In the heart of Madrid we find the Royal Palace, a building that has its origin in the ninth century, when the Muslim kingdom of Toledo built a fortress finally used by the kings of Castile.
Indeed, the Royal Palace itself was begun in the sixteenth century in the place where was the old Arab fortress. It was the royal residence from 1764 until King Alfonso XIII abdicated the throne in 1931.
Today the Royal Palace is considered the official residence of the Spanish monarch, Juan Carlos I, despite he not dwell on it. The building has become a point of tourist interest and is used for State Ceremonies.
Rooms occupied by Alfonso and his family are open to the public, as is the throne room, the parlor, the picture gallery (with works of Caravaggio, Velázquez, Goya, Giaquinto, Tiepolo, Mengs, Bayeu or Maella), the Royal Armoury and the pharmacy of the Royal Palace.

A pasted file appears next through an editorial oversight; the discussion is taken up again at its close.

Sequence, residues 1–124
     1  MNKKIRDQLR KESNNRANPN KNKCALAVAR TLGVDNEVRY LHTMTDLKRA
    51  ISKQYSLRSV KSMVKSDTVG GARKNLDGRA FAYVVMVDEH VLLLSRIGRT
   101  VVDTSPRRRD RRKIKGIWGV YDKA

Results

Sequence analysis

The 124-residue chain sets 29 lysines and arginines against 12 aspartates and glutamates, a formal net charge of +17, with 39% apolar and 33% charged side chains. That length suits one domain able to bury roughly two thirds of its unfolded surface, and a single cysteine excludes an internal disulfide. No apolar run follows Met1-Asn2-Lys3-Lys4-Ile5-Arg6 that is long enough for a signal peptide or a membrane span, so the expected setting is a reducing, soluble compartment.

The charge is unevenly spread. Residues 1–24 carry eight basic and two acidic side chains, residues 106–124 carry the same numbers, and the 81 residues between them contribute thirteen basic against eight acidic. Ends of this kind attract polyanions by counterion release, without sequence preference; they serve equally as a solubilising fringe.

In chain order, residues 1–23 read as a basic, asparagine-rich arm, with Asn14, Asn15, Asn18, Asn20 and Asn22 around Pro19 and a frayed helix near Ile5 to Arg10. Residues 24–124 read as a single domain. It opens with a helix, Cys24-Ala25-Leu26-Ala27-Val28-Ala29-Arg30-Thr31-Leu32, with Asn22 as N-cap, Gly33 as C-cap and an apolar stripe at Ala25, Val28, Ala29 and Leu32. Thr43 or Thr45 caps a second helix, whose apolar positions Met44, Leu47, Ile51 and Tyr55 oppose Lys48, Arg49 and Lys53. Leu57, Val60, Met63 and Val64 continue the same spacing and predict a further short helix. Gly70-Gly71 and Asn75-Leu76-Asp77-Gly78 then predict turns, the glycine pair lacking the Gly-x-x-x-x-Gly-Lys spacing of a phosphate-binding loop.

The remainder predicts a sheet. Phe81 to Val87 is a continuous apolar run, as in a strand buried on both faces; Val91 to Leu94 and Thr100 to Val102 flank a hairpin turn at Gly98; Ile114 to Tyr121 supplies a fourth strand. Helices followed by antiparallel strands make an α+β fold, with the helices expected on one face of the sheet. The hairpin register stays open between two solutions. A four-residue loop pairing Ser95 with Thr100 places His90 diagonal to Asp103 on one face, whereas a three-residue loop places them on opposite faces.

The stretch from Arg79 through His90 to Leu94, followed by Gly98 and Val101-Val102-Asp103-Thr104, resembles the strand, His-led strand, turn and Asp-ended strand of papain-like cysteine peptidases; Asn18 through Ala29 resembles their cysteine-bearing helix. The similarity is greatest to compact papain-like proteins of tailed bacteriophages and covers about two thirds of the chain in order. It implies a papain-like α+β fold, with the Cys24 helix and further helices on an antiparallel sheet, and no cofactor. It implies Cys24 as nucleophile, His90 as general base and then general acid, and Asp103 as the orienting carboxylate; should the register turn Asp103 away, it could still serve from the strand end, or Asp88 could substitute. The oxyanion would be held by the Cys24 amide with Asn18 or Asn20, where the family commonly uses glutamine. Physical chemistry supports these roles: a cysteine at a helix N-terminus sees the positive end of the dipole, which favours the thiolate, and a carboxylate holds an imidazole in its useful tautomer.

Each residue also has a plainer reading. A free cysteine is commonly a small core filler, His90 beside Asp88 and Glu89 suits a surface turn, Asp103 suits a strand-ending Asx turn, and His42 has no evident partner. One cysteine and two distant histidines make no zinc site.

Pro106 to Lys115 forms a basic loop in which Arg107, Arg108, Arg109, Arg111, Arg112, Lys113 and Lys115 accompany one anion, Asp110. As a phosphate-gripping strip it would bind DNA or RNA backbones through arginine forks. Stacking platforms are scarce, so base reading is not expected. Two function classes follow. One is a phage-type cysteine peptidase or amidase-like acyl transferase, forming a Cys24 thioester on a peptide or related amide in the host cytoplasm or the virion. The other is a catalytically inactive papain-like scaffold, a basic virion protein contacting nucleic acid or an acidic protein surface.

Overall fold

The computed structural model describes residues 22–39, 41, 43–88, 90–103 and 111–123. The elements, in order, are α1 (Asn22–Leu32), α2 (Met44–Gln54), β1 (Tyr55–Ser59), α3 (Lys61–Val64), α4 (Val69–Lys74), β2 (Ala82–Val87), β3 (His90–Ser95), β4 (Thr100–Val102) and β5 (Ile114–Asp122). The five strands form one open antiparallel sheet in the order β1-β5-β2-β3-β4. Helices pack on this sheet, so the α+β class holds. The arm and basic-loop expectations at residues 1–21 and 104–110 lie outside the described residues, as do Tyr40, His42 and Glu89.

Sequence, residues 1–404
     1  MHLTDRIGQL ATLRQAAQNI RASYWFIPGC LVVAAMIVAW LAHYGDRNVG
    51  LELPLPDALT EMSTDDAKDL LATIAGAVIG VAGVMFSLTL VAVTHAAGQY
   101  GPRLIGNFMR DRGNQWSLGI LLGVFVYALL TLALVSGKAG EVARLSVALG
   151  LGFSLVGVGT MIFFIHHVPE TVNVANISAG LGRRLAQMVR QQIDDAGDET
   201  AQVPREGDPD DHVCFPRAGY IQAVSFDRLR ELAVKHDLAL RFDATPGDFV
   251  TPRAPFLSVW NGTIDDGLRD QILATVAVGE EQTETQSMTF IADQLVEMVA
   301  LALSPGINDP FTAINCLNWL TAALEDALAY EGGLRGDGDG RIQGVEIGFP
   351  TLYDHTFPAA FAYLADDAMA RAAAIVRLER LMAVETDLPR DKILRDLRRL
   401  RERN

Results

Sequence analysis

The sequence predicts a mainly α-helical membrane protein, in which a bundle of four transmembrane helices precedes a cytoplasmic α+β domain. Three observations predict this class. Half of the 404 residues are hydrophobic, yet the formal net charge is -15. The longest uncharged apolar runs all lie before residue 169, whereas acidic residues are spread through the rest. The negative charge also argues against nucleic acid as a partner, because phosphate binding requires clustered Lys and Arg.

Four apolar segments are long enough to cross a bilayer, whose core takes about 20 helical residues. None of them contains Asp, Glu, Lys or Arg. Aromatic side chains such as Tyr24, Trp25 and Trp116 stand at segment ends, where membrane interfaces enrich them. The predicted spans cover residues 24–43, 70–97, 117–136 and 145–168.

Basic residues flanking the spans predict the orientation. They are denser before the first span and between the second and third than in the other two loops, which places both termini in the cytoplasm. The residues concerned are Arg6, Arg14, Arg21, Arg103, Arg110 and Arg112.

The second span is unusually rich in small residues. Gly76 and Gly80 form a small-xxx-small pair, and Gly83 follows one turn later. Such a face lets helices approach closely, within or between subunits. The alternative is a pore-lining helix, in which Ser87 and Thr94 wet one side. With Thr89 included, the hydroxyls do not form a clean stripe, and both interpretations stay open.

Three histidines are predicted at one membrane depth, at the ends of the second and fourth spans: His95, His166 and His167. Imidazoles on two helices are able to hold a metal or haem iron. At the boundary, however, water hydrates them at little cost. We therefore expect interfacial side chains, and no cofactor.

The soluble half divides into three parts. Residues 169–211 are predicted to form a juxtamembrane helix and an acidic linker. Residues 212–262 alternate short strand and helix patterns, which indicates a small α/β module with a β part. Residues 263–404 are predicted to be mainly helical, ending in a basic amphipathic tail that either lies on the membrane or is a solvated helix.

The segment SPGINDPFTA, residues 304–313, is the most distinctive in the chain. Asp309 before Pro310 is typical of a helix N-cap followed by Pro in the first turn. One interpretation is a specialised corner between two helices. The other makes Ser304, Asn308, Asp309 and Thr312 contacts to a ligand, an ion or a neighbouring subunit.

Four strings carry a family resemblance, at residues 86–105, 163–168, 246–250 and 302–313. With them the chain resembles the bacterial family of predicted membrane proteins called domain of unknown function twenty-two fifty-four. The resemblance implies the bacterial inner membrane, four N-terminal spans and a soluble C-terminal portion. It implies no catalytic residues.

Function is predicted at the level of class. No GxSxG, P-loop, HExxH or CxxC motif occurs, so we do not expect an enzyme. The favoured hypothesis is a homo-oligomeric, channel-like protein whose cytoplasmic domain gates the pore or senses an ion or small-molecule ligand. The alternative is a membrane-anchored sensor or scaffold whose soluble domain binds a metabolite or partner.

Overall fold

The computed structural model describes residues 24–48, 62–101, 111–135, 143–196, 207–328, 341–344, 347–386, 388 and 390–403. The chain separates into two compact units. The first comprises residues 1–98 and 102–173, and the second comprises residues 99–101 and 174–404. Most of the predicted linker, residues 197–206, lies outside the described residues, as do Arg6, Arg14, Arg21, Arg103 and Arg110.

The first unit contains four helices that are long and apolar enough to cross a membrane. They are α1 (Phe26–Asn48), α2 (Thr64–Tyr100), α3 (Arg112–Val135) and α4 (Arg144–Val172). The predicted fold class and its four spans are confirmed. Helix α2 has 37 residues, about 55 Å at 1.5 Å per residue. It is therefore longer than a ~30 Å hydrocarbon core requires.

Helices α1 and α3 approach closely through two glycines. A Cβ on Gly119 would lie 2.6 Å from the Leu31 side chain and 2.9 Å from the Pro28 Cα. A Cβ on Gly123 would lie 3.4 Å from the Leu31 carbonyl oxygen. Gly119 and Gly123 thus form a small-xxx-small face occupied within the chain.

The decoration of the Royal Palace of Madrid has adapted to the artistic styles of the moment. From the time of Charles III it’s retained the Throne Room, the King’s Chamber (or Gasparini’s) and the Porcelain Room. We must highlight the Hall of Mirrors from the reign of Charles IV, and the Gala Dining Room of Alfonso XII.
The spectacular gardens that complete the royal palace are known as Campo del Moro, while the square in the East of the Palace is adorned with sculptures of various kings of Spain made during the reign of Ferdinand VI.
The Royal Palace is open to the public every day of the week, so if you are staying at the nearby Be Smart Talavera, we recommend that you book a few hours of your visit to the Spanish capital to take a look.
Creative Commons or Public Domain Image: Flickr/dalbera